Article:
You’re not the only one wondering.
Hi there! It’s Robin again. Here at Sex Sense, I get a lot of (awesome) questions from folks of all genders along the lines of “why don’t I want to have sex?” “Where did my sex drive go?” “How can I increase my libido?”
The answer to these questions can be very different for each person. However, I wanted to share some of the information we commonly give folks who are wondering about sexual desire. Information about how bodies work can be empowering, and the science behind it is really cool!
Let’s start with a big assumption. We assume that when someone asks, “why don’t I want to have sex?” that they want to want sex. But to be clear, not wanting to have sex is perfectly valid and not having sex is a perfectly valid choice.
Also, the intensity with which a person desires sex and how often they want to have sex will ebb and flow as bodies and life circumstances and relationships change. The ebb isn’t necessarily cause for concern, but for the sake of this blog post, let’s assume that we are talking about folks who want to want sex more.
Am I Broken?
The question underlying most questions about sex drive is “am I broken?” The sense that a lot of people have when they want to want sex, but just don’t, is that their body is broken. It’s not working the way it is supposed to.
And in a small proportion of cases, that’s (sort of) true. There are medication side effects and physical and mental health conditions that can mess with sexual desire. It is worth seeing a health care professional to rule those out.
And when there’s a medical reason that folks are having trouble with sexual desire, we really encourage them to have as much compassion and gentleness with their bodies as they can. Insofar as they are “broken”, it is in a deeply human way deserving of care and patience.
But most of the time, bodies are doing exactly what they evolved to do to keep us safe.
The Dual Control Model
So what do I mean by that? One of our favourite educators and authors, Emily Nagoski explains this better than I can here and here, but I’ll summarize briefly.
In the Dual Control Model of sexual response, there is a brake pedal and a gas pedal. These pedals control sexual desire, and just like in a car, the brake overrides the gas. Stress, insecurity, pain, fatigue, worry, even literal cold feet, or anything else that our nervous system codes as a threat, pushes on the brake pedal, leaving us asking “where did my sex drive go?”
And that’s actually a good thing, evolutionarily. Our bodies automatically and involuntarily focus on survival (fight/flight/freeze) over other less important things (food/sex/sleep). Until we know what’s pressing on the brake, we’ll spin our tires no matter how much pressure is on the gas.
Here’s the problem: the conventional wisdom about how to improve one’s sex life almost always translates to “push the gas pedal harder!” It tell us to add “turn-ons” to our life or relationship. But all the lingerie, unregulated libido-boosting supplements and “101 hot sex tips to spice up your bedroom” in the world will not change the fact that the brake pedal overrides the gas.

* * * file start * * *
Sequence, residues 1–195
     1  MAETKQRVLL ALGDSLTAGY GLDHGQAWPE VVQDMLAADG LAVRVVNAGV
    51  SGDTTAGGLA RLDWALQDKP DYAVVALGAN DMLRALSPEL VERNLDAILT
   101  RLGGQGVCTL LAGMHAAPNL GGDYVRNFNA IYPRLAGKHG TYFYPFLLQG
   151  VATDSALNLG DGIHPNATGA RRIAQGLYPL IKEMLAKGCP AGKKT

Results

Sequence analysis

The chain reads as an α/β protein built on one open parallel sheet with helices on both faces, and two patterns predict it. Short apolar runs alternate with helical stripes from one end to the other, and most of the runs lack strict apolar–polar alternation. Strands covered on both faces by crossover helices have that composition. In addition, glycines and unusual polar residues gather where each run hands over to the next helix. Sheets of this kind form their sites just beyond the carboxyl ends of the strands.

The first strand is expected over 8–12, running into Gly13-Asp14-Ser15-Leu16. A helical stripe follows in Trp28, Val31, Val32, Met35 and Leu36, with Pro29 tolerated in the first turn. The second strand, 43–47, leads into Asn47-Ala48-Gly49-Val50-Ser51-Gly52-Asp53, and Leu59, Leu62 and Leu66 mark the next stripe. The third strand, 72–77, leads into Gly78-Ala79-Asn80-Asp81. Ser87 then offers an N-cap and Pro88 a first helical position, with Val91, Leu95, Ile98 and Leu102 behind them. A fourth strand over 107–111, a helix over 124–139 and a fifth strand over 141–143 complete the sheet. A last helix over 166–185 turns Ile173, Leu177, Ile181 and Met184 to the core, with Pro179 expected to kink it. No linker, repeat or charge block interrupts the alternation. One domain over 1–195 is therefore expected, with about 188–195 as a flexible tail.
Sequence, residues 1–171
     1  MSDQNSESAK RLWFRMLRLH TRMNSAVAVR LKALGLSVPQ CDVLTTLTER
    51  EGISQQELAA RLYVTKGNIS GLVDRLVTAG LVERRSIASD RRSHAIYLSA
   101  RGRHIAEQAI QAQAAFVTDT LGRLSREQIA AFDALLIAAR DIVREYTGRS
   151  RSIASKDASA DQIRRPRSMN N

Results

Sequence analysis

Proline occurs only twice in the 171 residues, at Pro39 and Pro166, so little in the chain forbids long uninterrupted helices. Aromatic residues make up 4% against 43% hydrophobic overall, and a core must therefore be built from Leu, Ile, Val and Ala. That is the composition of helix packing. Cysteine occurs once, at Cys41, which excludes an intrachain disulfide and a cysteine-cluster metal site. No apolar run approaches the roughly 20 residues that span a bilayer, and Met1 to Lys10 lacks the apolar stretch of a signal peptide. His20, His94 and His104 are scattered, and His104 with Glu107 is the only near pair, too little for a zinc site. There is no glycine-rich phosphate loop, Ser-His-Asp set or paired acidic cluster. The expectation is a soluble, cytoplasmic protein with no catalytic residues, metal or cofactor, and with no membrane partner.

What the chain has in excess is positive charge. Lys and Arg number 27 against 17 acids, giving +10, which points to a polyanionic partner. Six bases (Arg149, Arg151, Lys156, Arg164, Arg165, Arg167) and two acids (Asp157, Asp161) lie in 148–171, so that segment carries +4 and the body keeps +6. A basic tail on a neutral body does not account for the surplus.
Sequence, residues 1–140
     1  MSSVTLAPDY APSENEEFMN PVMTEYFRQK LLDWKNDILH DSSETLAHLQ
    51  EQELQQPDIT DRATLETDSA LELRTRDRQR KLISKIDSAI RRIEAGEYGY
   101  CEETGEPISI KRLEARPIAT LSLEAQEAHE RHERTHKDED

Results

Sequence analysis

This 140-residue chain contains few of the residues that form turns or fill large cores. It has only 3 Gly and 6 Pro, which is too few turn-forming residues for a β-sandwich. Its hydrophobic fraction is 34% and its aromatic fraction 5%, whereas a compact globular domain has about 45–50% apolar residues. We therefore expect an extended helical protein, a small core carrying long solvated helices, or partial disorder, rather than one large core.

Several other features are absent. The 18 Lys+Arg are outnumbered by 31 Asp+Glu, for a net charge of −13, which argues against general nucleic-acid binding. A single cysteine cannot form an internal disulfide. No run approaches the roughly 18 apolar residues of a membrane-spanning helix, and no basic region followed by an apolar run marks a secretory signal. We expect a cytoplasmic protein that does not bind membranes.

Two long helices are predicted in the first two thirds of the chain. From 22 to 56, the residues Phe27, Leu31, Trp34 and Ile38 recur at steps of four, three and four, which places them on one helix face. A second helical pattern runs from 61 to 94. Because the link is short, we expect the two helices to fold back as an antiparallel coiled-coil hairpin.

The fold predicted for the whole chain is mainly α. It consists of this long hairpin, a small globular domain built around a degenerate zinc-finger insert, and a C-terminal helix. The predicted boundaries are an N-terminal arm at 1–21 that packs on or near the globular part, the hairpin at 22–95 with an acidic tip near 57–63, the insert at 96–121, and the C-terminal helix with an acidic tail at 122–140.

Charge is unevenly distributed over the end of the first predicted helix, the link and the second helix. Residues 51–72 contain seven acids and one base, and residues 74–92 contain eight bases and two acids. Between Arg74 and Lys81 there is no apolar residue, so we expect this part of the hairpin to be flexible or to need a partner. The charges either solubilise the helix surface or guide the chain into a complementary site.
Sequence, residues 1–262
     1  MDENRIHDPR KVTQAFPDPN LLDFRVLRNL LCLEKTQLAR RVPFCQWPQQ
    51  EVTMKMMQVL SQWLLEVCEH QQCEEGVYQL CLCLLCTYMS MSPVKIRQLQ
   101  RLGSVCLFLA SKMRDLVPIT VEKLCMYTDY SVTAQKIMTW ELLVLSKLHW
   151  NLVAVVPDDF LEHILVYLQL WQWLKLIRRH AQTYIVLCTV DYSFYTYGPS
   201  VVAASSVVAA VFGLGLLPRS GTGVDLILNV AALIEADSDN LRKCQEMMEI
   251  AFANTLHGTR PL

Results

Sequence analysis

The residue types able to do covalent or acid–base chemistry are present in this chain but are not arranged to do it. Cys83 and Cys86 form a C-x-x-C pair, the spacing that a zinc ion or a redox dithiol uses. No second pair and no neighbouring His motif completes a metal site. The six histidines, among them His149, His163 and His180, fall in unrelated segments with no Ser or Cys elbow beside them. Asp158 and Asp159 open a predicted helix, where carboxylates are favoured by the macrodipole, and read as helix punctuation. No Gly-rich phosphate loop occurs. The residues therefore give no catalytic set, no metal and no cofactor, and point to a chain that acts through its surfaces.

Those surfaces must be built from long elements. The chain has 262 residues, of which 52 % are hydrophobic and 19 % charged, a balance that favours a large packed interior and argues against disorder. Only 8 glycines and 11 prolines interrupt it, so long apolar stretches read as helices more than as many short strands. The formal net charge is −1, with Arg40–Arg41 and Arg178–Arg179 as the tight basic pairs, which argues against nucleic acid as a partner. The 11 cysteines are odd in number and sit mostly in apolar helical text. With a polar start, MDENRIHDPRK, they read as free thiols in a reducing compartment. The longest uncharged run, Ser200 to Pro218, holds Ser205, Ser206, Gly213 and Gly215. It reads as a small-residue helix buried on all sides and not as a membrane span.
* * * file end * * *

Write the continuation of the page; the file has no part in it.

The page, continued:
So, one of the most powerful things you can do for your sexual self is take an inventory of everything that presses on your brake. Then, as much as possible, try to deal with those things. Next, take an inventory of everything that presses on your gas pedal. Then try to give those things time and space to flourish into desire.
One more thing. Commonly, folks who contact us seem to think that if sexual desire is not spontaneous — if it isn’t, as Emily Nagoski says “a lightning bolt to the genitals,” illustrated humorously here by Erika Moen — then it doesn’t count. Some people even think that it’s a sign something is terribly wrong with their body or their relationship.
While spontaneous sexual desire is a valid way to experience desire, an equally valid kind of desire also exists. It’s called responsive desire. Responsive desire happens only after giving our bodies time to respond to sexually relevant sensation and thoughts. In other words, things happening in the moment that turn us on.
This kind of desire shows up after spending some time cuddled up with a lover, or after reading erotica, or after talking at length with a partner about what you each think is sexy, or maybe noticing them getting turned on which in turn turns you on and the feedback loop sends you both into a delightful swirl of responsive desire. (To be clear, this is not an exhaustive list—do whatever works for you!)
If you’re like most people who predominantly or exclusively experience responsive desire, you’re not broken. You just may not have seen how your body experiences sexual desire portrayed as normal, valid, and sexy in media. The answer may be to simply give your body time to experience the things that will lead to desire.
I hope this information helps, and I hope you go read everything Emily Nagoski has ever written. And I hope you call or email me at Sex Sense if you have any questions.
The Fine Print
Sex Sense is a free, pro-choice, sex-positive, and confidential service. Our team of registered nurses, counsellors, and sex educators offer information and resources on sex, sexuality and sexual health.
Please note: this post contains general information that may not apply to everyone. It is not a substitute for professional medical diagnosis and treatment or counselling and other mental health supports. If this is a topic that impacts you, please feel follow up with questions about your own specific situation. We will answer you privately and provide the appropriate information and resources.